How Much: A barge ferry from Hervey Bay is A$50 for a walk-on passenger, or A$150 for a vehicle with three passengers; a four-wheel-drive vehicle permit for access to the island is A$38.25. A two-night stay at in a motel room at Eurong Beach Resort right on 75-Mile Beach, with round-trip barge transfers, breakfast daily, and dinner each night is A$249 per person based on double occupancy. A two-bedroom apartment at Sailfish ranges from A$200 to A$260 per night.

Who: For independent adventure seekers after an authentic beach experience.

More Info: Greyhound Buses (www.greyhound.com.au); Virgin Blue (www.virginblue.com.au); Qantas (www.qantas.com); Fraser Island Ferry (www.fraserislandferry.com.au); Eurong Beach Resort (www.eurong.com); Sailfish on Fraser (www.sailfishonfraser.com.au).

Maheno shipwreck on 75-Mile Beach, Fraser Island.
Photo by powellmb2/Frommers.com Community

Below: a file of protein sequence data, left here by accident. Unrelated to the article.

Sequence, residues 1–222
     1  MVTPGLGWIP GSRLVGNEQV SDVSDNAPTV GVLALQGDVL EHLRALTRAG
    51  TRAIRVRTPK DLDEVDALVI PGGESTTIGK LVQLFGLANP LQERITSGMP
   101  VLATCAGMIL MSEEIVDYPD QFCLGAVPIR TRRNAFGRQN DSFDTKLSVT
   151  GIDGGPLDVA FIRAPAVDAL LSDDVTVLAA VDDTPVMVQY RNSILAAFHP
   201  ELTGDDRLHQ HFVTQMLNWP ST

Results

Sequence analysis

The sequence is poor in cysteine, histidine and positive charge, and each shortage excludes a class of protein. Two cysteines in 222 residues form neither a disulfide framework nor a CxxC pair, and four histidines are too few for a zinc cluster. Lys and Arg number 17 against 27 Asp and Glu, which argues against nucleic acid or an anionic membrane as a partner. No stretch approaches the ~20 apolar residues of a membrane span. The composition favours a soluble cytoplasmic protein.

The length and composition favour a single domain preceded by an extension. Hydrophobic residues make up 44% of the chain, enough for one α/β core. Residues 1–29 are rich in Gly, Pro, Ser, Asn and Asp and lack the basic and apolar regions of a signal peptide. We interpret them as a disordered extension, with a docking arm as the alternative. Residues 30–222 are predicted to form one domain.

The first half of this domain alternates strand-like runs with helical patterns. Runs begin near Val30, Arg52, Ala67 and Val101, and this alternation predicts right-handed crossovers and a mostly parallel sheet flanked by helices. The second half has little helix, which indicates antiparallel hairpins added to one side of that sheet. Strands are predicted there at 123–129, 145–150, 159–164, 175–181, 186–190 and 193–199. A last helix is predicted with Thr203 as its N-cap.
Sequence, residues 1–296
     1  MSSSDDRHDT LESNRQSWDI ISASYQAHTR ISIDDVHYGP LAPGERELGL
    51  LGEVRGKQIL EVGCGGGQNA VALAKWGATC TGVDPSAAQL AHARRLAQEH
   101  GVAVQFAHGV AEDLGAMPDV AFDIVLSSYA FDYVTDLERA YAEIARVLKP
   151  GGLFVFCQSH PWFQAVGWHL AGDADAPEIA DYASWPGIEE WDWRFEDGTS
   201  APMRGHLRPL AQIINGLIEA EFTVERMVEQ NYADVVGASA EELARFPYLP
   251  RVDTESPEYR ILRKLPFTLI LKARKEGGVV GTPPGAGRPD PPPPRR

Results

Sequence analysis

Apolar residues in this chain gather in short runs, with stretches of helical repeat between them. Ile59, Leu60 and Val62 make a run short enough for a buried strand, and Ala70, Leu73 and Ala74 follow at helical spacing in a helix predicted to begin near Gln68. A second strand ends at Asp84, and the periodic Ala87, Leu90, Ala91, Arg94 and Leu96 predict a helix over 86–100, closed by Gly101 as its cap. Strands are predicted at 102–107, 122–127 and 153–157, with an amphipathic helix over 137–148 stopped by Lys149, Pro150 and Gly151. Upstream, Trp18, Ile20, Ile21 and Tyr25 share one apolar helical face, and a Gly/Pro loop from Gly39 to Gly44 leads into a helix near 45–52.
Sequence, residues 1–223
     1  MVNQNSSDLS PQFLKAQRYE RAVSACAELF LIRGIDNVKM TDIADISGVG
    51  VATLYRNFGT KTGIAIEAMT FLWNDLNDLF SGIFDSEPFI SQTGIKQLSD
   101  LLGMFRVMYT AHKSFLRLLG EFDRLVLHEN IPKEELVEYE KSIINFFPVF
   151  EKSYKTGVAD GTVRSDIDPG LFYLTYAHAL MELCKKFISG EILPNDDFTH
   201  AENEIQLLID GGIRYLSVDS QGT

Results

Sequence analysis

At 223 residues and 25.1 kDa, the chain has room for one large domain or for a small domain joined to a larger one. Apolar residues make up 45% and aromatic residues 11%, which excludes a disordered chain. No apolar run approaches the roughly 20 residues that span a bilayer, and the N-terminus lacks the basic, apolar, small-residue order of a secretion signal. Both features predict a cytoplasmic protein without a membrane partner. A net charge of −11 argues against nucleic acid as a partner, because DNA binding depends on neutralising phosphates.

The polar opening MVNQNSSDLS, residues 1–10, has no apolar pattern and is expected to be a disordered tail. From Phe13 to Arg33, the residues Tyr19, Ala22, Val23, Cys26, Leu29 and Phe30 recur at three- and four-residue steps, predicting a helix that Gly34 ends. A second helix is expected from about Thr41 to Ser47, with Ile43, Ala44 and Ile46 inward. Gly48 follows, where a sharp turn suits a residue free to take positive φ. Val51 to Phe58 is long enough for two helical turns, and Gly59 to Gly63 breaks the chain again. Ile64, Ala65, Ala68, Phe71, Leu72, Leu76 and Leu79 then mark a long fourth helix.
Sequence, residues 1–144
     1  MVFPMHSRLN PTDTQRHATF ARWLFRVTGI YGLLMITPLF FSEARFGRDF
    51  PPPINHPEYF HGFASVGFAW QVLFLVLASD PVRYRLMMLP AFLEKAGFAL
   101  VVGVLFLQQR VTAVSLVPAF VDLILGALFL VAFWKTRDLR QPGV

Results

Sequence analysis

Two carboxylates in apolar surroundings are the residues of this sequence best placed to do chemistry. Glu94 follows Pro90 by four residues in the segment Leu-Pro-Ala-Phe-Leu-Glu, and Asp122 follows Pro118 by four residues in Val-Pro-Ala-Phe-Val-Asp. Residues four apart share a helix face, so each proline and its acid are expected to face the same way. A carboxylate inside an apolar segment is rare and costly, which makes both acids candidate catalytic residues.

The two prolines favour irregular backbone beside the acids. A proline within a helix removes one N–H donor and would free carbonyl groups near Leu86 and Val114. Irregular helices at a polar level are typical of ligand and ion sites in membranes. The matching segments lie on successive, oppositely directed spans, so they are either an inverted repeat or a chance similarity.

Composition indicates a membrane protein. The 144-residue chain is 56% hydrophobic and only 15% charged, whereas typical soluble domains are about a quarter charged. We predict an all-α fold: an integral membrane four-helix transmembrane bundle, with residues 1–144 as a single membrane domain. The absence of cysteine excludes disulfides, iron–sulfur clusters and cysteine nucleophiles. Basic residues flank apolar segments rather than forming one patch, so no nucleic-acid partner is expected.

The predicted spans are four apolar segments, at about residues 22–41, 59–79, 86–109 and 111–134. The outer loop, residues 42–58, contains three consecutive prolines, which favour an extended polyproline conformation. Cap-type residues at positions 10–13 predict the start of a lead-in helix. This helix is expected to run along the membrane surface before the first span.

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The tip of Cape York Peninsula, Queensland. Courtesy Tourism Australia &copy; Photographer: Oliver Strewe Oliver Strewe
What: The top end of Australia

Why: If you're looking for sheer beauty in an untouched environment, Cape York is your destination. Experience secluded beaches, drive along the historic Overland Telegraph Track (OTT), interact with indigenous Aboriginal tribes, swim in your own watering hole at the foot of waterfalls, fish for Barramundi, take a ferry to Thursday Island in the Torres Strait, visit Lakefield National Park, or marvel at the remoteness of The Tip -- the northernmost point of Australia.

Where: The mining town of Weipa is a good base for travel in this area. Albatross Bay Resort is on Duyfken Cresent in Weipa.

When: Major parts of the top end are inaccessible during the wet season from December through to March (with up to 80 inches of rainfall at that time) so avoid visiting during these months. It is also cyclone season from December through April.